This is the final article in my Investigation into Charter Schools where I asked the questions and reported back on the answers after visiting Hobson Middle School, West Auckland Middle School, South Auckland Middle school and Vanguard Military School.

If any State school or Charter school would like me to visit them they are welcome to contact me via the blog. If the PPTA would like the same opportunity I would be very happy to meet with them as well. Just as I have with the schools I have visited so far I will do everyone the courtesy of sending them the questions I will be asking before I visit. I am not about putting people on the spot or trying to catch people out with surprise questions. I am about finding the answers to our readers’ questions and my own.

I am even prepared to answer any questions that the PPTA or schools may have of me on the understanding that I will be free to publish their questions and my answers on this Blog as they will likewise be free to use my answers in their publications.

Next Saturday I will publish an opinion piece (Editorial) about Charter Schools.

Imagine the outcry if these incidents happened at a Charter School?

The Labour party and teacher unions always bang on about teacher registration being vitally important for the safety of children. It is the major reason they oppose charter schools.

If a single teacher at a charter school has problems they are immediately calling for the cancellation of the programme.

But when, almost daily, ratbag teachers are hauled before the disciplinary tribunal or the courts there is total and utter silence.

Even drug dealing ratbag teachers and principals.

A Northland school teacher has been censured and deregistered after he was convicted for cultivating, possessing and supplying cannabis.

Mario Cachia, 49, was sentenced to 10 months’ home detention for possessing cannabis for the purpose of sale, selling cannabis and cultivating cannabis.

He had pleaded guilty when he appeared in Whangarei District Court in November.

The New Zealand Teachers’ Disciplinary Tribunal has now deregistered him after Cachia agreed his convictions were serious and warranted an adverse finding. Cachia is among seven teachers in Northland who were convicted of offences such as drugs and dishonesty in 2014.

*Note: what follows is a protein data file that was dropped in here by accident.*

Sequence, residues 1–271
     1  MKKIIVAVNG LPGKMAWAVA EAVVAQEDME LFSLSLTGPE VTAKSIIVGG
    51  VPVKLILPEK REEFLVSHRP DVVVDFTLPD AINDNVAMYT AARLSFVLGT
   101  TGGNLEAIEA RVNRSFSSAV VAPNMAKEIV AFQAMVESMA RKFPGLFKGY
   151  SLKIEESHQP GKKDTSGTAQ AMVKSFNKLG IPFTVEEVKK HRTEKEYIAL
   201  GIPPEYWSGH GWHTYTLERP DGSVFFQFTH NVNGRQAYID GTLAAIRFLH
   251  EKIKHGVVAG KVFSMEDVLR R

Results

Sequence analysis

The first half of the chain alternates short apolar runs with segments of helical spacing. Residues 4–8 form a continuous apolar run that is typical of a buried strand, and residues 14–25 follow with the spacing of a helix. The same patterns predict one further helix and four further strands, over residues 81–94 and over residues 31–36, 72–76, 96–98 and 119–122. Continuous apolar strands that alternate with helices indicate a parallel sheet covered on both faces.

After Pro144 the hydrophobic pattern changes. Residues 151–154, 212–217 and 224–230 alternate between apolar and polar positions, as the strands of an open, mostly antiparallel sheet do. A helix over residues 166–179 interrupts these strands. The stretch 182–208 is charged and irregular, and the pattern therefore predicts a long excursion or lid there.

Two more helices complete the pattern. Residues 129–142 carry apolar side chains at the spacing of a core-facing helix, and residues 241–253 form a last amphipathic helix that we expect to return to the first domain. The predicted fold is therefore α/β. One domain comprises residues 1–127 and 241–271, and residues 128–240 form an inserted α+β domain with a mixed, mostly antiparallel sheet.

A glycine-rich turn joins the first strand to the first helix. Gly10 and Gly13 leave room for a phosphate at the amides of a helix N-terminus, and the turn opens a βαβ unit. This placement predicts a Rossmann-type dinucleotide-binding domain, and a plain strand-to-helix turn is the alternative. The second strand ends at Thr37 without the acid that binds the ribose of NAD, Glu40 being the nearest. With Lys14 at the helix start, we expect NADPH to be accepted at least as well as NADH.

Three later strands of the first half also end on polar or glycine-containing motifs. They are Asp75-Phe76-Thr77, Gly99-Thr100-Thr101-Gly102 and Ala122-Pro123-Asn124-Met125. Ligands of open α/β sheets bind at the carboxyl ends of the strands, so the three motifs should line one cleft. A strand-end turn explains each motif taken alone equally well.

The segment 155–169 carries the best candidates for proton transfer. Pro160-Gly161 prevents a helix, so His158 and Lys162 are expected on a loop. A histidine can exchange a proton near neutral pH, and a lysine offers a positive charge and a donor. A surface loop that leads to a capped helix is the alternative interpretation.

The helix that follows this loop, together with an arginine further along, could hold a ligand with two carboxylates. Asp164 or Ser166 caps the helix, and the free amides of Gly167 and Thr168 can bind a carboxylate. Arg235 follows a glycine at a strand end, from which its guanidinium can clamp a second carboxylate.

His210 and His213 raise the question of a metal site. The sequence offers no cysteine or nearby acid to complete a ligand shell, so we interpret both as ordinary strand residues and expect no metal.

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Just how much is Kirsty Johnston in the PPTA’s pocket?

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As the PPTA try all manner of whinging strategies and attempt to get public support for a bargaining round with government, they have found a best friend at the Herald.

Today they have an article stating there are teaching shortages looming – only 5 people are applying for each job.

Where there are specific subject shortages, the PPTA won’t acknowledge that it is their fault as they insist on a national collective contract. Which of course means that people with extra knowledge and skills cannot negotiate an individual contract to help make teaching worthwhile for them. The PPTA’s collective bargaining keeps many great people out of the field – and NZ’s children suffer because of it. Their opposition to bulk funding exacerbates all of this.    Read more »

Tracey Martin solves all of New Zealand’s qualification problems in one statement

While trying to be critical of Vanguard School Tracey Martin not only solves all of NZ’s education problems but also bags just about every secondary school in the nation.

Nothing else is required to get every child passing – you just have to really want to make it happen…no joke…this is her quote (from 2:1o in the audio):

 “It is not that difficult to get a NCEA 100% pass rate if you really want to make it happen.”

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More on Northland College

Given that the PPTA bang on that Charter Schools in their first year should shut down if they are a few places below a predicted roll for the end of year two – shouldn’t they be seeking a Northland College shut-down given that it is 710 places below its maximum roll?